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Human impact has contributed to the decline of the Eurasion lynx

Disentangling the contribution of long?term evolutionary processes and recent anthropogenic impacts to current genetic patterns of wildlife species is key to assessing genetic risks and designing conservation strategies. Eighty whole nuclear genomes and 96 mitogenomes from populations of the Eurasian lynx covering a range of conservation statuses, climatic zones and subspecies across Eurasia were used to infer the demographic history, reconstruct genetic patterns, and discuss the influence of long?term isolation and more recent human?driven changes. Results show that Eurasian lynx populations shared a common history until 100,000 years ago, when Asian and European populations started to diverge and both entered a period of continuous and widespread decline, with western populations, except Kirov (Russia), maintaining lower effective sizes than eastern populations. Population declines and increased isolation in more recent times probably drove the genetic differentiation between geographically and ecologically close westernmost European populations. By contrast, and despite the wide range of habitats covered, populations are quite homogeneous genetically across the Asian range, showing a pattern of isolation by distance and providing little genetic support for the several proposed subspecies. Mitogenomic and nuclear divergences and population declines starting during the Late Pleistocene can be mostly attributed to climatic fluctuations and early human influence, but the widespread and sustained decline since the Holocene is more probably the consequence of anthropogenic impacts which intensified in recent centuries, especially in western Europe. Genetic erosion in isolated European populations and lack of evidence for long?term isolation argue for the restoration of lost population connectivity between European and Asian poulations. informacion[at]ebd.csic.es: Lucena-Perez et al (2020). Genomic patterns in the widespread Eurasian lynx shaped by Late Quaternary climatic fluctuations and anthropogenic impacts. MOL ECOL 29(4) DOI 10.1111/mec.15366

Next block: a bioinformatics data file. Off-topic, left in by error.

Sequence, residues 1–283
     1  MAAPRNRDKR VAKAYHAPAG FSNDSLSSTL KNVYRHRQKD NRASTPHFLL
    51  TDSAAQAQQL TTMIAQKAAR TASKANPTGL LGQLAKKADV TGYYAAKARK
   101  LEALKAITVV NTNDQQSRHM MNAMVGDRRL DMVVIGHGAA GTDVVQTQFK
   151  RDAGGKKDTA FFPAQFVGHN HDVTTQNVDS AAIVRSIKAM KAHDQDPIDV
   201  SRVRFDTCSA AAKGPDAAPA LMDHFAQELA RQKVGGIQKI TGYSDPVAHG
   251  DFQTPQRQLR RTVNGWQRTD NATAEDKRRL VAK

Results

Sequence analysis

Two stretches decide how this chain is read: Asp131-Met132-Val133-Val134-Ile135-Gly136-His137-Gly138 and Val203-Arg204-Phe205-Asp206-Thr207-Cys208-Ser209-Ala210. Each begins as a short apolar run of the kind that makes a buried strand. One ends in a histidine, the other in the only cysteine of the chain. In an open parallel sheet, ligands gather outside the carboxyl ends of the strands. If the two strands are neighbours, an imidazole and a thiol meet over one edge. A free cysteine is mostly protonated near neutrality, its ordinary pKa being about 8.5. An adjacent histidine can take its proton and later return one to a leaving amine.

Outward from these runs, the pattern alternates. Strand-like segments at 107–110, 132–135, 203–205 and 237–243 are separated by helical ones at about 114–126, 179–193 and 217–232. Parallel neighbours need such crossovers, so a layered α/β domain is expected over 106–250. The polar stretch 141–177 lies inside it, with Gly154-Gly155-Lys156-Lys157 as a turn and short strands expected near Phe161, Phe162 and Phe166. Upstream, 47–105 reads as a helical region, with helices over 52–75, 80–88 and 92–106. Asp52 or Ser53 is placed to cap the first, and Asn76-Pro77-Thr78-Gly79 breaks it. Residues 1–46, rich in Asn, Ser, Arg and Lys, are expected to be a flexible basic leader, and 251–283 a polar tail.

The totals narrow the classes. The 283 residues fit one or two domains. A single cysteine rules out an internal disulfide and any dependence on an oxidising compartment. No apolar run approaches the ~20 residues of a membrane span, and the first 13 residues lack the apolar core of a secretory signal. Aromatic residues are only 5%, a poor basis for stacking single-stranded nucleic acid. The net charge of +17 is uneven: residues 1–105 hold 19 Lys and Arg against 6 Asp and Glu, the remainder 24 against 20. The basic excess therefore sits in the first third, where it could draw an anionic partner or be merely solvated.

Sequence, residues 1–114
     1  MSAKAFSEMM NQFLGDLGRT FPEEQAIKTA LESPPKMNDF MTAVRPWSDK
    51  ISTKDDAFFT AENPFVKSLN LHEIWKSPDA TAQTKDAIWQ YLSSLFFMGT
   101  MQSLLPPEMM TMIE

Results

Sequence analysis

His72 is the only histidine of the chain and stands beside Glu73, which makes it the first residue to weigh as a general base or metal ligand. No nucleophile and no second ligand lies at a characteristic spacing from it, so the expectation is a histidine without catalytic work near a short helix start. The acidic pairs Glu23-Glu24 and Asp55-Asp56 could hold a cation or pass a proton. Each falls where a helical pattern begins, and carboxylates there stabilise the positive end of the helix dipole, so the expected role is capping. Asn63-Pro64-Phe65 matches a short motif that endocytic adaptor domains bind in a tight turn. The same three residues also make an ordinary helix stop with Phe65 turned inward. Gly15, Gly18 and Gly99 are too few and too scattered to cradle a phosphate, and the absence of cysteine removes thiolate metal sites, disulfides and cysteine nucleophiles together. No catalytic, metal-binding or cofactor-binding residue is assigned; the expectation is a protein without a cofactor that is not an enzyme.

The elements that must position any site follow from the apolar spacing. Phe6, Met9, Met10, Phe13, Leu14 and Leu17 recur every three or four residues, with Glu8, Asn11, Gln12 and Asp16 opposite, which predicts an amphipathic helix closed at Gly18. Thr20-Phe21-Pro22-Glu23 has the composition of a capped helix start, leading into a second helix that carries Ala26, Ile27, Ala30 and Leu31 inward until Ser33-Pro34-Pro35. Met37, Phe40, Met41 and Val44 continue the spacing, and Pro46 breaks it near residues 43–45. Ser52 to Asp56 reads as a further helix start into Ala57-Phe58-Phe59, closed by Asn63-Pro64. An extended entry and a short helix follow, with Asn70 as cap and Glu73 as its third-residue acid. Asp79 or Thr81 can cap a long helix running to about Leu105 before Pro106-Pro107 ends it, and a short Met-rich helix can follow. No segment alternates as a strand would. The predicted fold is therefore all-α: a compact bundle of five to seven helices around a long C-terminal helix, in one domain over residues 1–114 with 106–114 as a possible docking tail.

https://onlinelibrary.wiley.com/doi/full/10.1111/mec.15366
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Brown bear attacks on humans: a worldwide perspective

Brown bear attacks on humans: a worldwide perspective

Negative encounters with brown bears are rare and mainly non-fatal. This is the main finding of this study where the authors investigated more than 600 brown bear attacks on humans in 2000-2015 across the range inhabited by the species. Defensive behavior of females protecting their cubs was documented in the majority of the attacks. Half of the attacked people were engaged in leisure activities in nature, such as hiking and berry or antler picking. Other frequent scenarios were the result of inappropriate and risk-enhancing human behaviors (e.g. walking in natural areas with an unleashed dog, or chasing a wounded bear while hunting), and could be reduced by improving public education and awareness of the issue. Bear attacks were more frequent in remote areas with low density of people and high density of bears. Authors highlight the importance of educating the large public about how to behave properly in bear country to increase both human and bear safety, as well as to promote coexistence. informacion[at]ebd.csic.es: Bombieri et al (2019) Brown bear attacks on humans: a worldwide perspective. Sci Rep https://doi.org/10.1038/s41598-019-44341-w


https://www.nature.com/articles/s41598-019-44341-w